Congress is Insider Trading

/Congress is Insider Trading

Congress is Insider Trading

By | 2017-08-18T17:07:52+00:00 November 6th, 2013|Research Insights|6 Comments

Informed Trading at Capitol Hill: Evidence from Congressional Trading

  • Serkan Karadas
  • A version of the paper can be found here.
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This paper investigates whether the members of Congress are informed traders by studying the information content of approximately 62,000 congressional common stock transactions over the 2004-2010 period via pooled regressions and transactions-based calendar-time portfolios. We present evidence that past rm-level trading activity by politicians predicts current rm-level stock returns, and this prediction is stronger for the pre-recession period and for small rms. We also document that there are abnormal returns on the powerful politicians’ portfolios constructed by longing the buy and shorting the sell transactions. The best performing group is the unsophisticated (i.e., inexperienced in trading) powerful Republicans with abnormal returns exceeding 34% on annual basis under one-week holding period. The abnormal returns decline monotonically as the holding period gets longer and they mostly disappear beyond three months. Our results imply that politicians trade on time-sensitive value-relevant information generating abnormal returns in the short-term, and the power and party membership play an important role in the distribution of value-relevant information.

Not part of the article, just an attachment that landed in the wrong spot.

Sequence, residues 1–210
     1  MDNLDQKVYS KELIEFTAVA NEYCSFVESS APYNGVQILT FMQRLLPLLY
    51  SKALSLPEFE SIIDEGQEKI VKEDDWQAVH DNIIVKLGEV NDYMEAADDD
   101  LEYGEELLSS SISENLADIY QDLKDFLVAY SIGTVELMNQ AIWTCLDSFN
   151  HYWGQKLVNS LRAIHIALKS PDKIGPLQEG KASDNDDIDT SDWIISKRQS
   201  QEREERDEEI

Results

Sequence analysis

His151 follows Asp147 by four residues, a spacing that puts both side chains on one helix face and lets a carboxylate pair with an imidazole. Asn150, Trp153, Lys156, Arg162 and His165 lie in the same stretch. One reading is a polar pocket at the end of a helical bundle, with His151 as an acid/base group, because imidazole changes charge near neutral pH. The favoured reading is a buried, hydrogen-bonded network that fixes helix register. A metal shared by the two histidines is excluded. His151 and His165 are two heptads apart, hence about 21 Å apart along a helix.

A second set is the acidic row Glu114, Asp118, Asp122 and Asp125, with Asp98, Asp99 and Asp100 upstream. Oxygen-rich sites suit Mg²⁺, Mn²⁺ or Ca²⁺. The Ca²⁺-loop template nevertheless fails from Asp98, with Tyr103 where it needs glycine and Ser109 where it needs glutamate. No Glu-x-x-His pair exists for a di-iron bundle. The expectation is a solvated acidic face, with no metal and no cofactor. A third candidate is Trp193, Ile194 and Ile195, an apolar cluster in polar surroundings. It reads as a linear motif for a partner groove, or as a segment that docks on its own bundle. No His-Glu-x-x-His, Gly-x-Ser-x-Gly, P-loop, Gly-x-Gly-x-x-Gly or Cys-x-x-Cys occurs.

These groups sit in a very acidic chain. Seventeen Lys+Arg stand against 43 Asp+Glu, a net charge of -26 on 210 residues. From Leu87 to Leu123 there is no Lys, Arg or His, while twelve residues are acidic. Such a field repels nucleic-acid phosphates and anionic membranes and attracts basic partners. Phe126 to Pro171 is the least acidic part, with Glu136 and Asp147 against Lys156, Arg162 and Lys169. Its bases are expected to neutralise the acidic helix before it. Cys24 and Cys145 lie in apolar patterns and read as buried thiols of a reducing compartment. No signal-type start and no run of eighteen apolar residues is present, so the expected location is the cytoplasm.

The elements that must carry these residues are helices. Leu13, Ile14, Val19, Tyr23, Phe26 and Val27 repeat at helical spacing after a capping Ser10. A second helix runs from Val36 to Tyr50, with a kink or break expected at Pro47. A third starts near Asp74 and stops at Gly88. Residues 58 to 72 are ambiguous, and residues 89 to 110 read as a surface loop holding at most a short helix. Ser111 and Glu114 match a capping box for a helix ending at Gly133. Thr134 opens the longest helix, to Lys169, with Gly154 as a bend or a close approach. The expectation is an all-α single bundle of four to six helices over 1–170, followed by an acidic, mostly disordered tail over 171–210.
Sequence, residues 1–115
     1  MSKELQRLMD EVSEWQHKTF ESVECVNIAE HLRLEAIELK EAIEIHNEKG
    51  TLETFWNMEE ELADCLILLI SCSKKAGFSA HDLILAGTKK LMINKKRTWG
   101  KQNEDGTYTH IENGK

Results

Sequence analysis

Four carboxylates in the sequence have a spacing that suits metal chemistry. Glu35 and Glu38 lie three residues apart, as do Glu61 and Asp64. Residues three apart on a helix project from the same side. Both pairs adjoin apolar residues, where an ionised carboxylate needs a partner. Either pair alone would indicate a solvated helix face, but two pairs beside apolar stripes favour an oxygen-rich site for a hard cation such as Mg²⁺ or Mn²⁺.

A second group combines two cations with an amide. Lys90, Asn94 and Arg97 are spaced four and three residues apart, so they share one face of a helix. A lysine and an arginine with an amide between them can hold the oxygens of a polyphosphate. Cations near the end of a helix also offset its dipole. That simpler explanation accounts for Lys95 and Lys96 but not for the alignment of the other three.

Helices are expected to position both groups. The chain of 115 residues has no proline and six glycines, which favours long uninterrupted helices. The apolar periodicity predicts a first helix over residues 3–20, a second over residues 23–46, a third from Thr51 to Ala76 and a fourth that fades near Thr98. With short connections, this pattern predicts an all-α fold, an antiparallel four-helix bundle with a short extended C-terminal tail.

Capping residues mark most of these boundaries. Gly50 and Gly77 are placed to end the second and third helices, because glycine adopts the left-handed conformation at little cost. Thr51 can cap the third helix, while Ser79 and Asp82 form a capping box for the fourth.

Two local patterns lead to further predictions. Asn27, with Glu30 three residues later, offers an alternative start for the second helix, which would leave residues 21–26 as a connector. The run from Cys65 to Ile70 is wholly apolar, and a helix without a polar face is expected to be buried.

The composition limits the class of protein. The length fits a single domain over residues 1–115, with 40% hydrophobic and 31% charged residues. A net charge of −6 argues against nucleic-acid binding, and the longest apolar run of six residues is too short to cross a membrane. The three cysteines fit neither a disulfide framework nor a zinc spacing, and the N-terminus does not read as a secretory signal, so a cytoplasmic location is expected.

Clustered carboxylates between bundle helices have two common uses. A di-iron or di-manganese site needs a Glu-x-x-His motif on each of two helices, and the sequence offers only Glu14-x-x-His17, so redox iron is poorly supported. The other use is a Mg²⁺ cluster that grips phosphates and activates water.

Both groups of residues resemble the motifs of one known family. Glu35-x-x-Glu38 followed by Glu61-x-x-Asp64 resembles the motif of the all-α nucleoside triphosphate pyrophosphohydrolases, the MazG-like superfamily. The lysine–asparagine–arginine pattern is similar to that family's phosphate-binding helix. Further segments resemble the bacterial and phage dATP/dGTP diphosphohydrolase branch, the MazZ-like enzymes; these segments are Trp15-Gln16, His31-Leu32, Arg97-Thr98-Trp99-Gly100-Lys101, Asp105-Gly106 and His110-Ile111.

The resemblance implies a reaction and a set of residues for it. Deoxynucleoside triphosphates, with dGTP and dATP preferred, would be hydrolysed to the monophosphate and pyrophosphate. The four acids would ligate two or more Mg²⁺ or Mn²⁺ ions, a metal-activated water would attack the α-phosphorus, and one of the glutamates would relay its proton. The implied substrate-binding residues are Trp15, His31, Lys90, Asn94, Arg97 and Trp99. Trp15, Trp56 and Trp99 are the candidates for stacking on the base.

Data Sources:


STOCK Act Fixes Problem…but the Government Clowns “Fixed their Problem”

The Congress booted out the section (with unanimous approval) where they had to disclose their positions online. Classic.


Why so guarded, Congress?

Nice alphas! The results depend on the holding period and weighting scheme, but there is a large amount of excess return on the table (5%++). Interestingly, Republicans are the worst offenders (see paper for details)!


What are we doing wasting our time in the private sector?

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About the Author:

Wes Gray
After serving as a Captain in the United States Marine Corps, Dr. Gray earned a PhD, and worked as a finance professor at Drexel University. Dr. Gray’s interest in bridging the research gap between academia and industry led him to found Alpha Architect, an asset management that delivers affordable active exposures for tax-sensitive investors. Dr. Gray has published four books and a number of academic articles. Wes is a regular contributor to multiple industry outlets, to include the following: Wall Street Journal, Forbes,, and the CFA Institute. Dr. Gray earned an MBA and a PhD in finance from the University of Chicago and graduated magna cum laude with a BS from The Wharton School of the University of Pennsylvania.


  1. Carl November 6, 2013 at 3:39 pm

    I wonder how well their stock brokers do?

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